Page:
The key question:  Is the Bush administration supporting constructive compromise, or are they pushing the Siniora government to stick relentlessly to a maximalist position that is almost certainly beyond its capability to sustain, and which could quite easily drive Lebanon toward a renewal of civil war.  I have a nagging fear that uppermost in Bush's mind is his determination to find something that he can claim as a clear-cut victory over "terrorism" before he leaves the world's stage.  In that mood, the notion of supporting a compromise solution in Lebanon between a "pro-American" government and a "terrorist" organization (Hizballah), a surrogate of Iran and Syria, is anathema to the Bush-Cheney crowd, and may be tempting them to use American influence in exactly the wrong way in this crisis.  Can any of us really imagine George W. Bush endorsing what Rami Khouri visualizes as "the first American-Iranian joint political governance system in the Arab World?".  Rami Khouri is exactly right when he correctly characterizes that outcome as "a huge defeat for the United States and its failed diplomatic approach that seeks to confront, battle and crush the Islamist-nationalists throughout the region."  However, Rami Khouri is equally correct in declaring that this would be an ideal outcome, in that a solution based on a more equitable balance of power within Lebanon might set a constructive precedent that would by its example contribute to achieving some level of political stability in Iraq and between rival factions in Palestine.  This would be a magnificent result of an otherwise ugly crisis. 

Unfortunately, however, the situation reminds me (with mixed bitterness and guilt) so much of the mistakes we made (under Eisenhower-Dulles orders) in 1957-58, when we attempted by hook or by crook (mostly crook) to push Lebanon off its traditional position of neutrality in inter-Arab affairs and to become an openly committed partner of the United States in opposing post-colonial Arab nationalism — under the contrived justification of resisting "international communism".  That ill-advised effort laid the foundations of the future 1975-90 civil war.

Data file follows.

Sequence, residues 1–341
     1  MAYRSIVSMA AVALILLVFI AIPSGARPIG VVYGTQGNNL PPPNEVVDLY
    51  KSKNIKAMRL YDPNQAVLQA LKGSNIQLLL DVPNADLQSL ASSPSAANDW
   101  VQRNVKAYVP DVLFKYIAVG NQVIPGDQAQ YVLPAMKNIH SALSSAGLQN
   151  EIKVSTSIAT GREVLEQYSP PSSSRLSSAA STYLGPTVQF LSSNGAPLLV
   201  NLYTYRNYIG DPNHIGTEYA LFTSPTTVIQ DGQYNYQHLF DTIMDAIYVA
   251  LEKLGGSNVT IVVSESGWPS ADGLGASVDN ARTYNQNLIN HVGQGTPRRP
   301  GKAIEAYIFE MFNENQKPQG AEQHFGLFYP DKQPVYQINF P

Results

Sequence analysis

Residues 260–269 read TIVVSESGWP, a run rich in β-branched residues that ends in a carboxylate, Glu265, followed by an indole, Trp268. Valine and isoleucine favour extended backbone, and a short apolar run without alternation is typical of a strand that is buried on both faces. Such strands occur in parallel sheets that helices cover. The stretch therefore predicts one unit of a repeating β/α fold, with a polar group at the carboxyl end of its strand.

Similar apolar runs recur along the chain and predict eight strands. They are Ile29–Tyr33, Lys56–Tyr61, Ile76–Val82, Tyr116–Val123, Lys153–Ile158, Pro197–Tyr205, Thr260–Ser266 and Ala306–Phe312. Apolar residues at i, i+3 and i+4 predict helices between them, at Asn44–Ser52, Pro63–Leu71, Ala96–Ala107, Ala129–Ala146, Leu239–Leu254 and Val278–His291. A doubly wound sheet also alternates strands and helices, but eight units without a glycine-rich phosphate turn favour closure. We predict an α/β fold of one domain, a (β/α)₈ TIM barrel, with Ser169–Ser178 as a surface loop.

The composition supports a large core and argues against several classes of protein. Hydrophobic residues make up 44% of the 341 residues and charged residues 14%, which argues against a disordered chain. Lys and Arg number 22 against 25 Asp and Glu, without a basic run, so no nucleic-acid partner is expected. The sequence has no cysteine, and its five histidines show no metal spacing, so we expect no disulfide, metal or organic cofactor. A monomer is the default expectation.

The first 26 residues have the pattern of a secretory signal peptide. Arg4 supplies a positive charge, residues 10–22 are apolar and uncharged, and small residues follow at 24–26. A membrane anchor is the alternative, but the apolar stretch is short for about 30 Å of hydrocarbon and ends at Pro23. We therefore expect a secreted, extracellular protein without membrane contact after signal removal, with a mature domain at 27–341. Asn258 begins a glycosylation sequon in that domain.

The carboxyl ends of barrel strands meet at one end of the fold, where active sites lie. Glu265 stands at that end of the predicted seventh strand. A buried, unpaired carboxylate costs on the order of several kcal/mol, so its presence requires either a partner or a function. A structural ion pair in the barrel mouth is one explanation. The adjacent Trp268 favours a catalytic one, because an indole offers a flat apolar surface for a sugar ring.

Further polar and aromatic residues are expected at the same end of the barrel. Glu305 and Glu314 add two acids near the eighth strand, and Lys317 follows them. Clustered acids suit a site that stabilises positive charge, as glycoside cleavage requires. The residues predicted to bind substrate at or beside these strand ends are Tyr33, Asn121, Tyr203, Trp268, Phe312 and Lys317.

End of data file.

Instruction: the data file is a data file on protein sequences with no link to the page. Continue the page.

This time, I hope we don't make the same heavy-handed and short-sighted mistakes all over again.  And let's hope that Rami Khouri's vision proves to be realistic and achieveable.  We've had enough bad news!

Slaughterhouse Beirut
Lebanon's chances for meaningful reconstruction are diminishing by the day. And despite Bush's bravado, it's going to be the same in Iraq.
Christopher Dickey
Newsweek Web Exclusive
May 13, 2008

If you want to know what Iraq will look like 25 years from now, look at Lebanon today. The similarities and differences—but mainly the similarities—raise a lot of painful memories and questions for

This fact hit me once again when I was talking to Mike Sheehan, who is one of the more clear-eyed analysts of terrorism and the way we react to it. The subject came up of Beirut as it is now, a bloody mess, and as it was when Mike and I first focused on it a quarter-century ago, when it was even bloodier.

Back then President Ronald Reagan waded into the Levantine quagmire, quickly understood that he had made a big miscalculation, and withdrew. "Some counterterrorism experts argue the Reagan pullout from Lebanon was a mistake and emboldened future terrorists," says Sheehan. "I never bought this analysis, then or now. I think it was one of the smartest things Reagan did during his tenure—to get out of the Lebanese civil war. To stay in any war to 'make a statement' has never made sense to me. You have to have well-defined interests and achievable goals when you put American soldiers in harm's way; both seemed to be missing in Lebanon. Reagan recognized it and withdrew."

Sheehan believes symbolism is a major factor in the fight against terrorists only if it's accompanied by the systematic elimination of the terrorists' operational cells and infrastructure. (Hence the title of his recent book, "Crush the Cell" [Vintage, 2008], which I wrote about last week.) Sheehan is not arguing that a Lebanon-style pullout from Iraq, which is a different war in a different time, would be so sensible now. President George W. Bush will probably make that point many times during his upcoming nonvictory tour of the Middle East.